Audiobooks, Translations, and Other Letters to the Editor

To the Editor:

As a devoted audiobook listener of literary fiction, I am so disappointed that your audiobook reviews continue to be about nonfiction titles. Is there a reason for this? If you have had a fiction column that I missed, I apologize, but it would be a rarity. The most recent audiobook reviews (March 13) are more nonfiction.

A great performer can bring a great book to life more magnificently than reading on the page. To wit: Listening to Juliet Stevenson read “Middlemarch” is one of the aesthetic highs of my life. Recent terrific audios of new novels include “The Lincoln Highway” and “Cloud Cuckoo Land.”

I am always looking for good fiction audios and would appreciate your suggestions.

Anna Belle Kaufman
Sebastopol, Calif.

To the Editor:

Regarding Pankaj Mishra’s By the Book interview (March 6): As one exception to Mishra’s comment that hardly any reader of English knows of Mercè Rodoreda’s novel “In Diamond Square,” I prepared for my first trip to Barcelona in 2019 by seeking a book from Catalan, and happened upon her book “The Time of the Doves,” in which the protagonist is called “little dove.” Finding on the library shelf another volume of Rodoreda’s entitled “In Diamond Square,” I started that novel as well, and was surprised to find it was the same story in another translation, with the name of the birds she seeks to raise given as “ pigeon,” and the woman’s nickname changed to “Pidgey.” Having once lived in a neighborhood teeming with pigeons, this evoked a very different, less lovely, image in my mind. What a difference a translator can make! But in either case, this is a marvelous novel, especially pertinent in today’s international context. Diamond Square in Barcelona houses a life-size statue of the protagonist and her birds, as well as a wall plaque honoring the author. Both the book and the urban site are very much worthy of a visit.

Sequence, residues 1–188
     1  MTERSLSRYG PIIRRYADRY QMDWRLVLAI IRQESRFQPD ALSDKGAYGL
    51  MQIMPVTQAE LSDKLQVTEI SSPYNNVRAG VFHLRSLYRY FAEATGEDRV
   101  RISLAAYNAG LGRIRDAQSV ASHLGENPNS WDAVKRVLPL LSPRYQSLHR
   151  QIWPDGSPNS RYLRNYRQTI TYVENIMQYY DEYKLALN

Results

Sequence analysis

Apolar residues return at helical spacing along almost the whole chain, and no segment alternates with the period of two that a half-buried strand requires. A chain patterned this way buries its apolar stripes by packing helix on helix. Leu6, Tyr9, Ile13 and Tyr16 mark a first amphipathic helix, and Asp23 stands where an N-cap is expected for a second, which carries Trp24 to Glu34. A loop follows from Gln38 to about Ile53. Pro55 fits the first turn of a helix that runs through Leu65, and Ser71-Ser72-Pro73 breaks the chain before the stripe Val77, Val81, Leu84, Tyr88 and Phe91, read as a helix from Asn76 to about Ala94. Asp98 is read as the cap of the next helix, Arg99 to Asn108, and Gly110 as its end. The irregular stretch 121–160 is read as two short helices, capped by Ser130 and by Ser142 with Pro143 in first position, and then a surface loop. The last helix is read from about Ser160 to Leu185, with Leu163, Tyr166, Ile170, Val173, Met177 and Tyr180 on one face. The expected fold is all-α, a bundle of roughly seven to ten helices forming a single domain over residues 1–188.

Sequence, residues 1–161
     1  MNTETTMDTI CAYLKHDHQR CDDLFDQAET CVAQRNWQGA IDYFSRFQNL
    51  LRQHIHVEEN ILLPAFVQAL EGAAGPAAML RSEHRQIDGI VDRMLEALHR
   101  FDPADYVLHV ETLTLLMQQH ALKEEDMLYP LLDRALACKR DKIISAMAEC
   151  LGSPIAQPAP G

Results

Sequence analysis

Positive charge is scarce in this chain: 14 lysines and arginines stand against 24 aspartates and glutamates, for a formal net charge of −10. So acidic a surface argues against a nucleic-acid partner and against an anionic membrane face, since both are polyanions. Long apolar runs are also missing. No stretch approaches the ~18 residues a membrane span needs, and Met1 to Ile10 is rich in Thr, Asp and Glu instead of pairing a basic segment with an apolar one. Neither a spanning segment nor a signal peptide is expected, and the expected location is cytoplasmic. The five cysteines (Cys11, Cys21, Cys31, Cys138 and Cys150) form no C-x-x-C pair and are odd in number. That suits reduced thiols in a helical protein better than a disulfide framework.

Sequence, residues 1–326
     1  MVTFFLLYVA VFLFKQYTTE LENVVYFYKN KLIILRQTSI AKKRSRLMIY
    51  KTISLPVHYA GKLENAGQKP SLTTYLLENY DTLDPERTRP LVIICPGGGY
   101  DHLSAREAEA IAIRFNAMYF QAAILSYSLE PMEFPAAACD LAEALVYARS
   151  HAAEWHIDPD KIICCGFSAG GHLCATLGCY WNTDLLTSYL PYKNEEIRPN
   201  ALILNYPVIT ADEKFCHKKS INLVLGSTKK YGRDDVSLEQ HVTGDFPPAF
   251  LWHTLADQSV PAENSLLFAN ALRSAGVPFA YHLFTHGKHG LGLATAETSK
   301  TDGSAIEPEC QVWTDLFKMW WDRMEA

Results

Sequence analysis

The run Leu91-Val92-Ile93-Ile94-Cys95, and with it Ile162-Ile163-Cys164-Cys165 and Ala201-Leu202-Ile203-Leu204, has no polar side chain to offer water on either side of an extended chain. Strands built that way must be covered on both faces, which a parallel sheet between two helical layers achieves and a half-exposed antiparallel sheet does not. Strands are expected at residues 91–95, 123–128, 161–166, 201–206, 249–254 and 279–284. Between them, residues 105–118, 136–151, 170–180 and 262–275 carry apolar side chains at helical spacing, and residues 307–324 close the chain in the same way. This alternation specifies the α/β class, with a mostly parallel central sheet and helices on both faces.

Marilyn J Boxer
Kensington, Calif.

To the Editor:

In her By the Book interview (March 13), Karen Joy Fowler endorses a strategy of inviting to dinner “authors who were not recognized in their lifetimes,” in order to buoy their spirits by letting them know “how well regarded they are now. ” One of the writers she dreams of including is Franz Kafka. But Kafka famously requested that all of his work be burned; the widespread circulation and celebration of Kafka’s writing is the result of his friend expressly ignoring his wishes. It seems kind of cruel to resurrect Kafka in order to let him know that his nightmare came true. I say let him sleep.

Sarah Aintlope
Irvine, Calif.

To the Editor:

I’m delighted to see that Fowler is reading “The Wolves of Willoughby Chase” to her grandson. I urge her to continue on to “Black Hearts in Battersea,” as she has not yet met the redoubtable Dido Twite.

Mary Harriman
milwaukee

To the Editor:

Walter Kirn, author of “Blood Will Out,” certainly seemed out for blood in his review of Heather Havrilesky’s “Foreverland” (March 6). The chauvinistic tone as he roots for the author’s husband is off-putting from the start (“a marriage between a neurotic perfectionist and a formidably patient man”). Kirn admits, “I know only my own marriage,” but he would rather keep it “a secret.” (This is interesting, as his memoir is about a failed marriage and being friends with a sociopathic murderer.) I say Havrilesky is brave to share struggles that reflect many marriages but that most of us are afraid to expose because we want the world to view our relationships as blissful. If a reviewer wants to discuss the writing, fine, but don’t stab the author just to gleefully watch her bleed.

Donna Marie Merritt
Watertown, Conn.

A review on May 10, 2020, about Cho Nam-Joo’s novel “Kim Jiyoung, Born 1982” incorrectly referred to the book’s protagonist, Jiyoung. She has a daughter, not a son. This correction was delayed because the error was brought to the attention of editors only recently.

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